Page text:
This year, we had no big travel plans after a relatively expensive trip to Africa. Traditionally every year in June, we traveled to Turkey to visit my family, and this year was, of course, no exception. Apart from that, we explored the Bavarian nature in depth, did more hiking to wonderful places like The Lake Eibsee, Tegernseer Hütte, or Hoherkranzberg.
|Sailing on the Lake Tegern, Bavaria|
|Sunset treat at the Lake Schliersee, Bavaria - after relaxing at the beach|
|Survival training with an overnight camp was another activity in this summer - Tom is interested in such kind of stuff|
I attended another photography workshop and published the photos in this post: A Spooky Summer Night in Munich. Of course, I continued swimming twice a week as well, and additionally, I was exercising outdoors cross-fit with a group. To check my fitness level, I joined the Tough-Mudder event in September. Anything mad out there, give it to me!
Beach volleyball with my colleagues was another extension of my activities. BTW, my job wasn't a stress factor anymore. As a dear colleague of mine put it right: "You make your tasks appear so easy, but I know they are not. How is that possible?" The short answer probably is to learn not to stress yourself out by yourself and others. The corporate life is long, you have plenty of time to accomplish your tasks. Your health, both physical and mental, is the most important thing. Nobody will and can compensate for your health.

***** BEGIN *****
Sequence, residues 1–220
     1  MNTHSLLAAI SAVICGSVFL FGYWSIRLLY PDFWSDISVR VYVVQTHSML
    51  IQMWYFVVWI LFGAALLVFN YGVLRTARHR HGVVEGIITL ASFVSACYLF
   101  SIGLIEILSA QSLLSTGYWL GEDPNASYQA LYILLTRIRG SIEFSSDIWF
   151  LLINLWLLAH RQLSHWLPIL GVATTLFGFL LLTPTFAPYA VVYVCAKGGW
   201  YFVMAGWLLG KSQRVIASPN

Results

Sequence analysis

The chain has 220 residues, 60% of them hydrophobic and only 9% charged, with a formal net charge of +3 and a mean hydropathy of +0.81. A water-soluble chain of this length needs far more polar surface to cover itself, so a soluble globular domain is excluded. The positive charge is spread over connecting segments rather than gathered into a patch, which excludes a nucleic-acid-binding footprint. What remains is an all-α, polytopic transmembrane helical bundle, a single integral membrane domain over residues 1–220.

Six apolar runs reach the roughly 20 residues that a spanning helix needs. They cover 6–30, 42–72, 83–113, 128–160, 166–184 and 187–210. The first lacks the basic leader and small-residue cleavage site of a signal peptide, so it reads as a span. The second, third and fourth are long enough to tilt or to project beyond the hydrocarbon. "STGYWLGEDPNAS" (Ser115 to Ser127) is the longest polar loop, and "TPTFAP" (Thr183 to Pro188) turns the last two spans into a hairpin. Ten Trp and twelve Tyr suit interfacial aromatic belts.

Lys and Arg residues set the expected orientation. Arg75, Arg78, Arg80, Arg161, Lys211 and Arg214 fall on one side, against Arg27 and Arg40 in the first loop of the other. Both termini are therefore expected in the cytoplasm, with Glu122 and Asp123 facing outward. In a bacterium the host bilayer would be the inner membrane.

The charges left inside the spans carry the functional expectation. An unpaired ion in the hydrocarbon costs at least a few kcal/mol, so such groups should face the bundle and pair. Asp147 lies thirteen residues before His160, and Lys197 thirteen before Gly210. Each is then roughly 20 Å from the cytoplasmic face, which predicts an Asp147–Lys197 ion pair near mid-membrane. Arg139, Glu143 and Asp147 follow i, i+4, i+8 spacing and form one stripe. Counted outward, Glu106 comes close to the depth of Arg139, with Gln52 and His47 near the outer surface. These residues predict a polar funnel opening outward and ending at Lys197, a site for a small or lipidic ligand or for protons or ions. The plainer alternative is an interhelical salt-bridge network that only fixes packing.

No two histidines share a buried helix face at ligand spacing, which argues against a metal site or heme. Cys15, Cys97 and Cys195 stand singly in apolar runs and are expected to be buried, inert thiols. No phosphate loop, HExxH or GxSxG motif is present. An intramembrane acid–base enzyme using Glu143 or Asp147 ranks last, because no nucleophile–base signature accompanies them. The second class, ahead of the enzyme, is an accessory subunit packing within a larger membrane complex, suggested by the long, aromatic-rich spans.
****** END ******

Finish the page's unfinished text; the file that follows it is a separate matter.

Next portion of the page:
Towards the end of the year, my Israeli customers needed another visit from their doctor, but this time right from the beginning they booked me for two weeks. This not only gave me the opportunity of visiting Jerusalem and the Dead Sea once again but also I was able to append a few days of holiday to visit Jordan. I wrote about Petra and Aqaba part of my trip already, but I am yet to bring "Desert Alone" on air.
Since we had some budget left after skipping a big trip this year, we went to Lipno nad Vltavou in the Czech Republic for a week of skiing to learn it properly. We picked this place due to the economical reasons, not because of the fantastic slopes. For beginners like us, it was absolutely sufficient though.